A body may be easily and quickly dissolved by being placed in a tank of strong chemicals, which causes the body's cells to break down quickly. To preserve space and hasten the dissolution process, the body is frequently split into different parts, like a scene from one of your darkest nightmares or a terrible serial killer film.
Promession is an environmentally friendly form of burial. When the body is frozen in liquid nitrogen and transformed into a powder, it is converted into a fertilizer, similar to cow manure. Adding it to the soil, which eventually degrades into compost, promotes plant growth.
Plastination of the body is the process of sucking out all liquids and leaving just the body's tissue mass, which preserves it and stops the body from decomposing.
Amazingly, the body is transformed into a mannequin that looks like plastic and is utilized for instructional purposes.
Exposure, sometimes known as a sky burial, is highly popular in places like Tibet, where the earth is unsuitable for burials. A lack of resources makes it impossible to cremate bodies. It is released back into the wild so that wildlife and the environment may dispose of the body organically.
People have indeed been devoured and left to decay. To hasten the deteriorating process, doctors frequently remove skin or limbs. Then, to draw animals, they cover the body with a combination of milk, flour, tea, and barley.
13. Diamond Memorials:
One for the Mrs., if she likes diamonds so much, tell her that if she isn't careful, she will become one sooner rather than later. Similar to how genuine diamonds are created, but more quickly, memorial diamonds are created by applying pressure on the deceased's hair or ashes. After that, you may turn it into jewelry or use it as a remembrance for your loved ones.
14. Coffins That Hang:
Ancient burial rituals included hanging coffins. However, they are no longer used along coastlines. The bodies were hung on a cliff, but it is unknown how they put them; it is still a mystery to modern society.
15. Sea Burial:
There are other ways to be buried besides being buried six feet beneath, becoming an ornament or a precious stone, or going into space. For cultural, religious, and religious reasons, burials frequently occur in the sea, particularly among sailors.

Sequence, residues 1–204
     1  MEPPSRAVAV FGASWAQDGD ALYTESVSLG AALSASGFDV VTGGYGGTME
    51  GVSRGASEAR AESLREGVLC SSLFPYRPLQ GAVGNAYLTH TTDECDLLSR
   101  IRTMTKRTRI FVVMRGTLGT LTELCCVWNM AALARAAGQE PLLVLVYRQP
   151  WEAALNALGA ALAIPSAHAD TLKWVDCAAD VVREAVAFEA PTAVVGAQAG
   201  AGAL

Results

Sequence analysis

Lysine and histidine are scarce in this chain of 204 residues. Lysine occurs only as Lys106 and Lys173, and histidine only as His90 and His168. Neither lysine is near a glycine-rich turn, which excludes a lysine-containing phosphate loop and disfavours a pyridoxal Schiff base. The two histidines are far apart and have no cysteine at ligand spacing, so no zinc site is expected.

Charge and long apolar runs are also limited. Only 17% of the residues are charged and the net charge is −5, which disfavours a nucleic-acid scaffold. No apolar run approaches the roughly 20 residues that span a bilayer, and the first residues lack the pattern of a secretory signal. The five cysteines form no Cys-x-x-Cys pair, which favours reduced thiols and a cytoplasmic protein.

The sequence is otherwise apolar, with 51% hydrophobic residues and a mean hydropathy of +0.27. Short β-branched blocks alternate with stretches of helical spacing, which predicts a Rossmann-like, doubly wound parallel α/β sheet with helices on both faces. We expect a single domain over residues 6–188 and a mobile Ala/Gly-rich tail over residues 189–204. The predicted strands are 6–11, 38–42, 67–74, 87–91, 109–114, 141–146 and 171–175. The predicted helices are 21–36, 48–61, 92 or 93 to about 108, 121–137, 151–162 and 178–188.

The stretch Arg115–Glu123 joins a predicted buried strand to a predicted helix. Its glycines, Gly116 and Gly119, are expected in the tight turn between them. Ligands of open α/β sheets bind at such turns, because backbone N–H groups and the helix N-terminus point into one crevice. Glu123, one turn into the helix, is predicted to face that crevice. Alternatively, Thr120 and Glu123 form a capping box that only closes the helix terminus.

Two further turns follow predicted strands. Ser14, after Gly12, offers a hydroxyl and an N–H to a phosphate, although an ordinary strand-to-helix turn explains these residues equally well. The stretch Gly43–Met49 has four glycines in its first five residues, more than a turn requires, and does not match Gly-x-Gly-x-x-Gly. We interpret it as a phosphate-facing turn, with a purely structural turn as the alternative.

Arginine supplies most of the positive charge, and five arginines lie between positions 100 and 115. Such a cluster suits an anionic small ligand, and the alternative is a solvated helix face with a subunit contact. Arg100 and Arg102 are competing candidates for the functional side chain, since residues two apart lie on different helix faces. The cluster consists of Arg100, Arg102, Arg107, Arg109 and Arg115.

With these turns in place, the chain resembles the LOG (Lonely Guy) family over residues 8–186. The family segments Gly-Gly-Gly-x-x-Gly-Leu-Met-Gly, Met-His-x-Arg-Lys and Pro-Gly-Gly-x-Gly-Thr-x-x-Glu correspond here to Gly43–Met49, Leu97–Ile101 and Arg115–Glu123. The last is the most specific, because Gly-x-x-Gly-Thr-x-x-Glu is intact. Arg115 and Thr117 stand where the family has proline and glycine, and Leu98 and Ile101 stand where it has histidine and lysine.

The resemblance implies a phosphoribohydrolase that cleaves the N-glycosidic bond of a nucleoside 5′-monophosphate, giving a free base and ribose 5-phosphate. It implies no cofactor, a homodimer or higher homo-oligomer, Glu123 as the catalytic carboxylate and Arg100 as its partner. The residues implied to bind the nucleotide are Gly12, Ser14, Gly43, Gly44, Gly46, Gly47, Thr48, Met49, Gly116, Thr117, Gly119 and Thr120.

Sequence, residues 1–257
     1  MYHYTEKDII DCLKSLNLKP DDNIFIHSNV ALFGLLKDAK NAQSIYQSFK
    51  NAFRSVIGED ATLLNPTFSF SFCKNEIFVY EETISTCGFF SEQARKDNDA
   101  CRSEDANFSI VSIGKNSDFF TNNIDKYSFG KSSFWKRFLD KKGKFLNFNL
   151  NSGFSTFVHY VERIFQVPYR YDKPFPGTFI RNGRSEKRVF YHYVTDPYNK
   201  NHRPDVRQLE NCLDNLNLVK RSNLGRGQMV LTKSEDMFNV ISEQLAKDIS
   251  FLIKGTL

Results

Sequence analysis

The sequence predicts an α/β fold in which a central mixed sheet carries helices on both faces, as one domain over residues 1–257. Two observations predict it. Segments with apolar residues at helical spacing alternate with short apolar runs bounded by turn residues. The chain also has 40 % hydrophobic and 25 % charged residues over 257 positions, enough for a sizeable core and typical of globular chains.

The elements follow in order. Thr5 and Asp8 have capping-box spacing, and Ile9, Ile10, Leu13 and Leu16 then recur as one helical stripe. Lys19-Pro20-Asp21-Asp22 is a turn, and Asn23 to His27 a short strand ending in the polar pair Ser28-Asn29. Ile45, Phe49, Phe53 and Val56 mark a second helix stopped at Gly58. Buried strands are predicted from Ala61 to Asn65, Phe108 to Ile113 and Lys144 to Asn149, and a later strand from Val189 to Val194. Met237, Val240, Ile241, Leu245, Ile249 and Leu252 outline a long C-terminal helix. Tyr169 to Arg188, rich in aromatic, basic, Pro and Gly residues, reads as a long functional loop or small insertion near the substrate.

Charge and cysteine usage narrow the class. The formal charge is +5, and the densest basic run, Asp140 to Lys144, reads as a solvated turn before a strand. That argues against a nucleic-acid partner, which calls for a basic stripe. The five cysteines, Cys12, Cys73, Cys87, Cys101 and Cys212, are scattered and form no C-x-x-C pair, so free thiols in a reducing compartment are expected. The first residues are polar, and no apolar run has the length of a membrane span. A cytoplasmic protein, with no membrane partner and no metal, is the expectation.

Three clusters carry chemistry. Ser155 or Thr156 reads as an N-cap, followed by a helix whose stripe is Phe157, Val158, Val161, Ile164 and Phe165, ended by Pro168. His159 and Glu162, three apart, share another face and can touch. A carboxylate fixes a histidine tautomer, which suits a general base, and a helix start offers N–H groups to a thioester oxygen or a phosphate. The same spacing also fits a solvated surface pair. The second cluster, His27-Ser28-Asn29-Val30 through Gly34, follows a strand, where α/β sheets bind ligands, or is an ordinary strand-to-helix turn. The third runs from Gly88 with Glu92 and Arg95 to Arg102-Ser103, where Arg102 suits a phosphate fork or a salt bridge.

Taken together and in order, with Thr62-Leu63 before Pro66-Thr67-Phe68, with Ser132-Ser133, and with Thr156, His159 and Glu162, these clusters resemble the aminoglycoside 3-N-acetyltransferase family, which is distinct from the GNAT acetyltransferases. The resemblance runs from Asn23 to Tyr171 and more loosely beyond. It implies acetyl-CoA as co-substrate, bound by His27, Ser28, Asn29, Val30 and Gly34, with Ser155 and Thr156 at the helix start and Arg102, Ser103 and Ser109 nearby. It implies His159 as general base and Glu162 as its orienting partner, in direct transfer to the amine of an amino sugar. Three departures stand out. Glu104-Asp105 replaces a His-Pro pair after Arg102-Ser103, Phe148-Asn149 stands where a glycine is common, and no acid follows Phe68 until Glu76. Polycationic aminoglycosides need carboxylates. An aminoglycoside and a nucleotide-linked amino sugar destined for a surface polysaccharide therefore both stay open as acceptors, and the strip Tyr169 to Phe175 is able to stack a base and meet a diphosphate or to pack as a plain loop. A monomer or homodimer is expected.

Most of the time, a small boat is used to toss you into the water while you are wrapped in a blanket. Think more of a little wooden row boat than a luxurious yacht.
16. Donation of a body:
Some organs may not need to be replaced after death. Following the advancements in modern medicine, body and organ donations are vital and may frequently save lives or significantly improve the lives of persons with critical diseases. Before it was possible to donate organs, cadavers were often used in medical research.
Graphic designers who wish to become disposable pieces of plastic now have a wide variety of new opportunities thanks to the advancements in 3D printing technology. Weiki Somers has developed a method for using a 3D printer to transform human ashes into ornaments. Great, to be honest.
18. Become a coral reef:
It is ironic that although people are destroying coral worldwide, they could one day help save it by passing away. As we have spoken about, there are several ways to pass into the afterlife, and one is by becoming a coral reef.
The business Eternal Reef places your cremated remains into a submerged coral reef grave. This will draw vibrant marine life and make for an excellent location for some scuba diving.
19. Ash to Portraits:
It can produce a wonderful work of art by combining ashes with paint, even though it seems like it could be better. However, a person who has lost a loved one may find this to be of immeasurable sentimental worth.
20. Ash becoming fireworks:
There are, as we've seen, a variety of creative, artistic, and experimental methods to scatter or bury someone's ashes, but this is the most explosive. The simple addition of ashes to a firework results in a colorful and violent farewell.
Therefore, we hope this article Funeral Alternatives have been helpful to you all. You have the option of choosing between some pricey and affordable funeral solutions.